Wednesday, January 29, 2014

After Death, H.M.’s Brain Uploaded to the Cloud

H.M. had one of the most important brains in the world, at least if you ask a neuroscientist. In 1953, at age 27, he underwent experimental brain surgery to treat the terrible seizures that had plagued him since childhood. The seizures quieted after surgeon William Beecher Scoville removed pieces of the temporal lobes above his ears — including, notably, large parts of the hippocampus — but it came at the cost of permanent amnesia. For the rest of his life, H.M. could only hold on to memories of events that happened before his surgery.

Though he couldn’t remember what he had for breakfast, H.M. could learn new motor memory tasks and had normal intelligence, illustrating both the specificity of the hippocampus and the multifaceted nature of memory. All of this we know thanks to decades of work by Suzanne Corkin and her colleagues at McGill University and MIT. As Corkin writes in her fascinating new book Permanent Present Tense*, “Henry’s disability, a tremendous cost to him and his family, became science’s gain.”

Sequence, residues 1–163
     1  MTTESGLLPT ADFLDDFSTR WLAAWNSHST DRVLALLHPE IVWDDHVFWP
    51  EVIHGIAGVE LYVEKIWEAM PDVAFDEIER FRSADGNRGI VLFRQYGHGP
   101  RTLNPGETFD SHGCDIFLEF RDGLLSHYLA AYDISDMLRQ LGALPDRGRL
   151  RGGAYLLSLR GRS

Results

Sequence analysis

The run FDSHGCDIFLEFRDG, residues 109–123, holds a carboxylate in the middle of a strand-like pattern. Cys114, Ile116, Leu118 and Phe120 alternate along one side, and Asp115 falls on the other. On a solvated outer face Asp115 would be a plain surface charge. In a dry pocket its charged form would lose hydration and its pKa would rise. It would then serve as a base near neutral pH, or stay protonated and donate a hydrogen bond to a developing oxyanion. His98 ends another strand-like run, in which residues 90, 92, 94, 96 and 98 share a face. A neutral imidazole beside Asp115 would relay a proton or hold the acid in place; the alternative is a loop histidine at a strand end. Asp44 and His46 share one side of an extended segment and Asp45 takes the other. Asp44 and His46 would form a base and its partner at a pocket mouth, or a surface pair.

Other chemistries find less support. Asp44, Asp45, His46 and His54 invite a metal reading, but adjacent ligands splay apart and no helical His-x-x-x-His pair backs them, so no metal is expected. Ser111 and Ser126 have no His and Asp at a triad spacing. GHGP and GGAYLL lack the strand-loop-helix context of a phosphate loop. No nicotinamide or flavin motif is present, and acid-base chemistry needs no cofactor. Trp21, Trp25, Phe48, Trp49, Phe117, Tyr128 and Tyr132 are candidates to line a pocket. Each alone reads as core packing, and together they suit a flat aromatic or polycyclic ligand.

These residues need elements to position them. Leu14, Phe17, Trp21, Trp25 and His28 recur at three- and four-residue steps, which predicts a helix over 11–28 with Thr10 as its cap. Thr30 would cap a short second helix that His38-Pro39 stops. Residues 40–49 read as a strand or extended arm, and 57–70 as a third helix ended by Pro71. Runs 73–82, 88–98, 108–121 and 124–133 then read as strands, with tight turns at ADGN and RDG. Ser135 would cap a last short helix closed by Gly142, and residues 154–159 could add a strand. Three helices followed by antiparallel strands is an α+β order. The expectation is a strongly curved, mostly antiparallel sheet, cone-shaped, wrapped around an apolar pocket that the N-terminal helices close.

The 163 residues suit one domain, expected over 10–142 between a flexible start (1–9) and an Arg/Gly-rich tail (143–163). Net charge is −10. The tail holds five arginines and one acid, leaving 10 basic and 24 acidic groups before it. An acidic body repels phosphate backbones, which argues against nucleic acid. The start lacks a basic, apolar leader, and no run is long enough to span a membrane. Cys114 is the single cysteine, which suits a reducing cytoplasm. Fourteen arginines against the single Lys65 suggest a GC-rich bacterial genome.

H.M. not only participated in hundreds of studies while he was alive, but donated his brain to science. The morning after H.M. died, a groggy and jet-lagged Annese knew that this brain tissue might pay scientific dividends for many decades to come — but only if the extraction went smoothly

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